Sunday, November 29, 2015

Tigers Agree To Deal With Jordan Zimmermann

Right hander Jordan Zimmermann Bolsters Tigers Rotation for 2016 and beyond.  
(Photo Credit: Cathy T via HardballTimes)

Tigers General Manager Al Avila promised that the Tigers would sign a top three pitcher to go with Justin Verlander and Anibal Sanchez and today he got his man.  According to Jon Heyman of CBS Sports, the Tigers have agreed to a contract with right hander Jordan Zimmermann, formerly of the Nationals.  Jon Morosi of Fox Sports is reporting that the deal will be for an estimated 5 years/ $110 million.

Since 2011, the 29-year-old Zimmermann has compiled an impressive 3.14 ERA and 3.30 FIP and has  ranked 12th in MLB in the FanGraphs.com WAR statistic.  Despite undergoing Tommy John surgery in 2009, he has become a durable starter throwing 195+ innings in each of the last four years.

On the downside, Zimmermann had an off year - for him - in 2015 posting a 3.66 ERA, 3.75 FIP and allowing a career high 24 home runs.  Statistics at BrooksBaseball.com indicate that his fastball velocity averaged 93.4 MPH, down about a mile per hour from his career norm.  That is not be a big deal in itself especially for a pitcher who has not relied on a high strikeout rate (just 7.3 per nine innings for his career).  However, he allowed a .301 batting average against and .465 slugging average against on fastballs, the highest marks of his career.

So, one might wonder whether the ineffectiveness of his fastball is a one year thing or whether it will become a trend.  The good news is that his slider and curve still yielded good results and his overall numbers were above average.

Even with the caveats, Zimmermann was the fourth best starting pitcher in a deep free agent market behind David Price, Zack Greinke and Johnny Cueto.  Assuming the Tigers were not going to get one of the big three, there is no pitcher that comes without significant risk.  Jeff Samardzija was awful last year and lost more off his fastball than Zimmerman.  Hisahi Iwakuma has health concerns.  Scott Kazmir has never been stable nor durable.  The list goes on.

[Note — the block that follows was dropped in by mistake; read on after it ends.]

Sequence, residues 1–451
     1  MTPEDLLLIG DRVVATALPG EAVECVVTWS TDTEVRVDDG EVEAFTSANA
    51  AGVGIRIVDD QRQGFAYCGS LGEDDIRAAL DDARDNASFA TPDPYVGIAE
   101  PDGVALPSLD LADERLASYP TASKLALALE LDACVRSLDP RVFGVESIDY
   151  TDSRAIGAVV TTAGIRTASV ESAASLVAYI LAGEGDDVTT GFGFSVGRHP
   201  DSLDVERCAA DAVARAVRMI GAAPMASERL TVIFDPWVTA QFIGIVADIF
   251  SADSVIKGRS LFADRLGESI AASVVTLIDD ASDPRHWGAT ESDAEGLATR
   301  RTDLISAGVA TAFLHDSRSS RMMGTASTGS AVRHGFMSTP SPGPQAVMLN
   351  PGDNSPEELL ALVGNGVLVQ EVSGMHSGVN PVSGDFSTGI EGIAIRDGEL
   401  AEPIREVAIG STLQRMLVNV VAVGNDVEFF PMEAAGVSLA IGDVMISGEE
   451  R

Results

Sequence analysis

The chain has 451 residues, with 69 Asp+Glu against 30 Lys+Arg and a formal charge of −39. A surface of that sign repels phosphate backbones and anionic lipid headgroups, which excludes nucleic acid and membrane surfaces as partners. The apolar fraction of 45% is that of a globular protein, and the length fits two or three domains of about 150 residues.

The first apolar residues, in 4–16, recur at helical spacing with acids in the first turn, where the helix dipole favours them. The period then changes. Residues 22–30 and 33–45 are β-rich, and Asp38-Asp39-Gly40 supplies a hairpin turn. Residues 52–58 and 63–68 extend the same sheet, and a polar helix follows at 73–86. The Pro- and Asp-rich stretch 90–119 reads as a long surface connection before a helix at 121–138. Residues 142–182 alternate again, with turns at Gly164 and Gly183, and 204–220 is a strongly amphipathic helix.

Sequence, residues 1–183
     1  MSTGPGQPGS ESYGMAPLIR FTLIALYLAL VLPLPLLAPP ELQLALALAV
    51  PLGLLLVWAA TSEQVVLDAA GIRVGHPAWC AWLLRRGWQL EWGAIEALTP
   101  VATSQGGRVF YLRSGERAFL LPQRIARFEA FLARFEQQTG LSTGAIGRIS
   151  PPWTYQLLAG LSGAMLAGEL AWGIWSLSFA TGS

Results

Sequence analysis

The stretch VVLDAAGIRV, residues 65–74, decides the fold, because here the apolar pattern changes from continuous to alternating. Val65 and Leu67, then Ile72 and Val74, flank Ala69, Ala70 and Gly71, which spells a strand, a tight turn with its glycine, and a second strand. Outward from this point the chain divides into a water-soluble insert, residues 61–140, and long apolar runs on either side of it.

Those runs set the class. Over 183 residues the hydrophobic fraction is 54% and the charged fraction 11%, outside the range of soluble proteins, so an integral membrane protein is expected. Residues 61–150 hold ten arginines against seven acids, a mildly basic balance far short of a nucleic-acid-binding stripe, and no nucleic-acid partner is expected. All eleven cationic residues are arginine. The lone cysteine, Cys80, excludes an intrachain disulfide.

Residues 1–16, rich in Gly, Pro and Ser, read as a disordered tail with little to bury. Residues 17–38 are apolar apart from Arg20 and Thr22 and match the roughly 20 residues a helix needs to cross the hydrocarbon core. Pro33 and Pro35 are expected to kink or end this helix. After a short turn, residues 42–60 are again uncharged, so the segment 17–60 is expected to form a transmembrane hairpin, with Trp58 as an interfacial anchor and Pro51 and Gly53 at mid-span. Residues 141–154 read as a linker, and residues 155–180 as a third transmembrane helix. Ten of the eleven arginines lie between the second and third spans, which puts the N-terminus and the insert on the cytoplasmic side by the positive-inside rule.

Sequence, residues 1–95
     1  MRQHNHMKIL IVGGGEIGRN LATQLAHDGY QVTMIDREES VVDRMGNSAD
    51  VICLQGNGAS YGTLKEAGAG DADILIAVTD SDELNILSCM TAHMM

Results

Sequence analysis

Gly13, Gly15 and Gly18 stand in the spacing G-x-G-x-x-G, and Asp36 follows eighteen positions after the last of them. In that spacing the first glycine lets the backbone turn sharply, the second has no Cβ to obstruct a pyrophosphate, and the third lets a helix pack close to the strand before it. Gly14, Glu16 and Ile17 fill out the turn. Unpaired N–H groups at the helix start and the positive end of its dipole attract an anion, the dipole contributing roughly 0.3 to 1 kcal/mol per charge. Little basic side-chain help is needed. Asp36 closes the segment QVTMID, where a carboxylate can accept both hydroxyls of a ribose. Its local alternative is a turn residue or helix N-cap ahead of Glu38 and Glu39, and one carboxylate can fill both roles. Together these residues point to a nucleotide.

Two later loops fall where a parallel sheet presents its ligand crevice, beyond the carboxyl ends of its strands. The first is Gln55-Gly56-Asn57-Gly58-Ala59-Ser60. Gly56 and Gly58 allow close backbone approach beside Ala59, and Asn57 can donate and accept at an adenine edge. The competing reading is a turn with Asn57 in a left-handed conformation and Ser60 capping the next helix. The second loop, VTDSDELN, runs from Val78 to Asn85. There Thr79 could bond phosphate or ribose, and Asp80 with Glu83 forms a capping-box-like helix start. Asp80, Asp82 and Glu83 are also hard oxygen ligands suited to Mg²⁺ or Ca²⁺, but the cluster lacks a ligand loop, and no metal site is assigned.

In the end, I have to conclude that a five-year deal for a pitcher of Zimmermann's caliber is not bad. This gives the Tigers a pretty solid trio of Verlander, Zimmermann and Sanchez at the top of their rotation along with a very promising Daniel Norris at number four.

Avila has been true to his plan thus far adding a closer, outfielder (even if he wasn't the most popular choice among fans) and now a top starter.  Zimmermann will most likely be Detroit's biggest off-season acquisition, but there is still work to be done.  Avila also promised a fifth starter and at least one more reliever, so we can expect more moves soon.

Friday, November 20, 2015

Maybin Still Has Range In The Outfield

Outfielder Cameron Maybin should bolster the Tigers outfield defense.
(Photo source: Wikimedia.com)

Today's acquisition of outfielder Cameron Maybin for left-handed pitchers Ian Krol and Gabe Speier brought mixed reviews from Tigers fans today.  On one hand, it appears the Tigers did not give up much and Maybin is guaranteed only $6 million over the next two years making it a low risk move.  On the other hand, he has a career OPS of just .678, so his value revolves around his speed and defense.  

There is not much question about his base running.  He stole 23 bases in 29 attempts and netted 3.5 runs on the bases in 2015 according to the Baseball Prospectus base running statistic.  

There are, however, concerns about his defense due to his performance on the two most popular advanced defensive metrics: -16 Defensive Runs Saved (DRS) and -7 Ultimate Zone Rating (UZR) This is in contrast to past years where he graded average to above average.  

In addition to being careful about interpreting one year of defensive data, it's important to remember that below average numbers in center field do not make one a poor defender.  In an era of highly skilled center field play, it just means that he was not as good as some great defenders.

There are indications that he still has some defensive skills.  Atlanta Braves fans gave him a rating of 52 on Tom Tango's Fan Scouting Report which is slightly better than the 48 ranking given by Tigers fans to Rajai Davis, the man Maybin is presumably replacing on the roster.  

What is more interesting is how fans broke down Maybin's skills.  They ranked him above average on instincts, acceleraton/first few steps and sprint speed, but below average on release/footwork and throwing strength and accuracy.  So, it appears he had good range but not a good arm.  

Another set of statistics that I presented last week - Revised Zone Rating Numbers - backs up the fans observations of above average range. While Maybin made 13 fewer plays than expected by an average center fielder inside the zone, he also made 13 more plays outside the zone than expected.

So, Maybin can still cover a lot of ground in the outfield and he will likely spend more time in left than center for the Tigers as the roster is currently constructed.  With this less elite comparison group, there is a good chance his numbers will show him to be a plus defender for the Tigers.   

Saturday, November 14, 2015